I've read this sentence on TIME:

  • But dozens of new cases have been confirmed in the last week.

and months ago read this on a questionaire;

  • Which have you used in the past?

Is it OK to use the present perfect 'tense' with a past time expression, 'in the last week' or 'in the past'?

  • Those examples are grammatical.
    – Lawrence
    Commented May 14, 2020 at 5:05

1 Answer 1


Both in the last week and in the past indicate a period of time leading up to now. So they're not referring to a past time and are compatible with the present perfect.

Specifically, the former means "in the last seven days leading up to now".

One the other hand, last week would refer to a past time and be incompatible with the present perfect.

  • Yes, good point. But I always think of the criterion as being whether it is a specific past time. For example I can say "I have used it at some point in my life", or "I have used it in the past". But one cannot say "I have used it yesterday", nor even "I have used it half an hour ago" - at least not in English. Confusingly one can in French - and possibly other European languages, which may explain why non-native speakers frequently make the mistake.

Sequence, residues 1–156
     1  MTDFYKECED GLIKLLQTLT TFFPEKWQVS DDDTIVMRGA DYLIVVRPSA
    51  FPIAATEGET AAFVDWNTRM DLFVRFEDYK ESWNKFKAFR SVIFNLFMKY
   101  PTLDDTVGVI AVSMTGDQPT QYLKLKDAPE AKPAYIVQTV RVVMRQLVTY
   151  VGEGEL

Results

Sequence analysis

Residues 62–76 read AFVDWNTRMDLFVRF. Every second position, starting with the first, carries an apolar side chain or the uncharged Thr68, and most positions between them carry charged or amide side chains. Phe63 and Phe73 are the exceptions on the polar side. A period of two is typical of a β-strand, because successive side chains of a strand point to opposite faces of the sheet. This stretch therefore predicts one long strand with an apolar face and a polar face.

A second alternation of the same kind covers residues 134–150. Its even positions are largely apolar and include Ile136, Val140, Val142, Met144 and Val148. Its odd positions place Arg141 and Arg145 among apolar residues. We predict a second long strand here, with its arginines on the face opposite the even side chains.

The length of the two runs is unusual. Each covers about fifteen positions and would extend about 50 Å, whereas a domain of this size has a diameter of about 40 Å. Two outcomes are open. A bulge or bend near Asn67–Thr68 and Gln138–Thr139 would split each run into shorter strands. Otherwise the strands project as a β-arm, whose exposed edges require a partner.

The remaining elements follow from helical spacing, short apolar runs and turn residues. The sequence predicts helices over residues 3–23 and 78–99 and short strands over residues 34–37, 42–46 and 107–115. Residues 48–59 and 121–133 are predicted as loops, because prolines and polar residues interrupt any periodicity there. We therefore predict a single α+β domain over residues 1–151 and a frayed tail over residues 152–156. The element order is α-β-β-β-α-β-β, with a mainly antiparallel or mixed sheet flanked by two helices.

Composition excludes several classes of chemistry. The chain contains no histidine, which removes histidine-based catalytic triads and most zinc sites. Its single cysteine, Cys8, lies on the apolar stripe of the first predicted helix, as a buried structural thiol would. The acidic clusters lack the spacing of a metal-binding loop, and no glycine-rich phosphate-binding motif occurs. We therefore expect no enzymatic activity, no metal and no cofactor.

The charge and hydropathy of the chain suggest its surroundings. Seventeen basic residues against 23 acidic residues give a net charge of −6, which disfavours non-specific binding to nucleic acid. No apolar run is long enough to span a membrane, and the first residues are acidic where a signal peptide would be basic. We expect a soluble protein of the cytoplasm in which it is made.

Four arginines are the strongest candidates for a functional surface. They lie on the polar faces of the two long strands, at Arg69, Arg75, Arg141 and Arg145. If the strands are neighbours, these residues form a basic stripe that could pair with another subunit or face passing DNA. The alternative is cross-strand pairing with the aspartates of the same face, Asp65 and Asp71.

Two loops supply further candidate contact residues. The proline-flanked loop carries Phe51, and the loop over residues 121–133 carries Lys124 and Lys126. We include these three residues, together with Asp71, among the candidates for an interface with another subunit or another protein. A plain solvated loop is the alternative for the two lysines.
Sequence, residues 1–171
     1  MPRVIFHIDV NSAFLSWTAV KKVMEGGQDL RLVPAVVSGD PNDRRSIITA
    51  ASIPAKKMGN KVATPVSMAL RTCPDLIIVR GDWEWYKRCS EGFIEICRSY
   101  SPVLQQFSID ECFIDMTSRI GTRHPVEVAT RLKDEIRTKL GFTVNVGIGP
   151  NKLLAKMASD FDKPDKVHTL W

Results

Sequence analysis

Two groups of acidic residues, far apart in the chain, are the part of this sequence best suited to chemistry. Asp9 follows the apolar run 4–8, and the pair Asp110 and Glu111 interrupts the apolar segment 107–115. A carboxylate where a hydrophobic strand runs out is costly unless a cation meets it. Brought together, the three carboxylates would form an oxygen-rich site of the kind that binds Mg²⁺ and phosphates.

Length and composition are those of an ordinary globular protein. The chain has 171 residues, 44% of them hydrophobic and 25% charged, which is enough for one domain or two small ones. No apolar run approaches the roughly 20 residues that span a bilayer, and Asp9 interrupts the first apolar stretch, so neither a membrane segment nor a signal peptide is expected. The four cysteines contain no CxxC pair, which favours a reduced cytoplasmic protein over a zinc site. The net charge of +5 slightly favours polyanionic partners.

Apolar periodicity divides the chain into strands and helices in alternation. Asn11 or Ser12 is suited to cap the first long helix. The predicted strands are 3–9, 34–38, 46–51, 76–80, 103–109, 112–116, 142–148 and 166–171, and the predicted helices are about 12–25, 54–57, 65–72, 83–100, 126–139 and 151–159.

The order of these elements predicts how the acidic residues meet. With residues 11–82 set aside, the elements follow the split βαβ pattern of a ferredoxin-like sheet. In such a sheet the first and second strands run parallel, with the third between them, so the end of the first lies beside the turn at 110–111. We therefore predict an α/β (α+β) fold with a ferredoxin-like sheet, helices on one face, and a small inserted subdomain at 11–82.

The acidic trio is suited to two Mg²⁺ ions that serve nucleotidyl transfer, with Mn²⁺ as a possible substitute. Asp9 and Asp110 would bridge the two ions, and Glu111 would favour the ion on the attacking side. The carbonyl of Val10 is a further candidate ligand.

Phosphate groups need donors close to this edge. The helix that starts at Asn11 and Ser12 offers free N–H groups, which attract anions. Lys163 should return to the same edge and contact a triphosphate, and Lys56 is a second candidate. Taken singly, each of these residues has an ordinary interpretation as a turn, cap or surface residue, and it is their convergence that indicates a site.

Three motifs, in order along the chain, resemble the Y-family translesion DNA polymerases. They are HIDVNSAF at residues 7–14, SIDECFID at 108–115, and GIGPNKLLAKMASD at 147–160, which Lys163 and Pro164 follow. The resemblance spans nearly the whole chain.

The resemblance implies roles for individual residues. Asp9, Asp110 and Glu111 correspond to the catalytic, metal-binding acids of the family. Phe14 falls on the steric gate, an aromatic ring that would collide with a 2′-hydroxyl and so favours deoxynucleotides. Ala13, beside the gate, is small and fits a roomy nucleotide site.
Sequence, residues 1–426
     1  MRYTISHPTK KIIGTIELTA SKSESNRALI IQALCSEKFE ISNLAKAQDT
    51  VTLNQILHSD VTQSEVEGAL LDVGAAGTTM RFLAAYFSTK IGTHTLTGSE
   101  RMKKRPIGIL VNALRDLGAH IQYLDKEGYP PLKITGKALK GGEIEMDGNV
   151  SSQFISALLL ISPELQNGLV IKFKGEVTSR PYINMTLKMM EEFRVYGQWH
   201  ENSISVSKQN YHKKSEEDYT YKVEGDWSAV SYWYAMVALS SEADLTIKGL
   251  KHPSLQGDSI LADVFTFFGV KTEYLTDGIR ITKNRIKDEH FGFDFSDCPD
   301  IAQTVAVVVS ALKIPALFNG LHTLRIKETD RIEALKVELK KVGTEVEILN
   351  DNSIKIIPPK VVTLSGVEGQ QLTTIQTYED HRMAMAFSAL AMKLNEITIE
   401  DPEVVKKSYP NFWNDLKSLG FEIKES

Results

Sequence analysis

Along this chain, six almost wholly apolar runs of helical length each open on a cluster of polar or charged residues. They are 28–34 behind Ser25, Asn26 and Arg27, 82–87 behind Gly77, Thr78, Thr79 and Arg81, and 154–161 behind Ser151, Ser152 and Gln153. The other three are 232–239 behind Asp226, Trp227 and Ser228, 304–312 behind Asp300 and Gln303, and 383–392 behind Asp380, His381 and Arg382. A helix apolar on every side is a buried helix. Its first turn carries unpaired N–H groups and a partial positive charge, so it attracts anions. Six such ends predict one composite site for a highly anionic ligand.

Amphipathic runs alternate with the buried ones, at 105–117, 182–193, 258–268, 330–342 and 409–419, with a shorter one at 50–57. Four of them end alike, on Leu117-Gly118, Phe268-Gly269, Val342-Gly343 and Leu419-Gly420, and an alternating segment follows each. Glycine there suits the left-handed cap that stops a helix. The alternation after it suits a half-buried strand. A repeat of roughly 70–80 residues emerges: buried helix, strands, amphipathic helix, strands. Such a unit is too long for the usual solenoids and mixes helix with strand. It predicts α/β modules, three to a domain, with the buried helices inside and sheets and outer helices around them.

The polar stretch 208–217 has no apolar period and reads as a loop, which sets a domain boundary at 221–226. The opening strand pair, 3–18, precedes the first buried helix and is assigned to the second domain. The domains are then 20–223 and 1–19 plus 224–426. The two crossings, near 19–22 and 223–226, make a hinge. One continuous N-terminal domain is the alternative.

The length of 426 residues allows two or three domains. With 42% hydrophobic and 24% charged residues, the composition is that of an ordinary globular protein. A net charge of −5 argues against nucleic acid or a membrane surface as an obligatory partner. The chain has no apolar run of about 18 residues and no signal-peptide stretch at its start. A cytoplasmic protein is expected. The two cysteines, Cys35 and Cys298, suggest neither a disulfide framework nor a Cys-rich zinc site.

– WS2
    Commented May 14, 2020 at 6:01
  • @WS2 Can you say, then, I have used it at some point in 2019.?
    – listeneva
    Commented May 14, 2020 at 6:13
  • Umm! I would definitely be comfortable with "I've used it at some point during the last year". But once you actually mention a specific date or time you really need the past tense. But you can say "I have used it at some stage since January 2019".
    – WS2
    Commented May 14, 2020 at 6:36
  • @WS2 I don't think it's about the mentioned past time being specific or not. Note in the last week refers to a specific past time, and that so does the last year. The reason they're compatible with the present prefect is that they include the present time (i.e., now) whereas last week, yesterday, and half an hour ago don't.
    – listeneva
    Commented May 14, 2020 at 6:44
  • 1
    The more I think about it I believe you may be right. But you can say "I've used it before now". The problem with being a native speaker is that you never learn the rules, you just pick them up instinctively.
    – WS2
    Commented May 14, 2020 at 7:02

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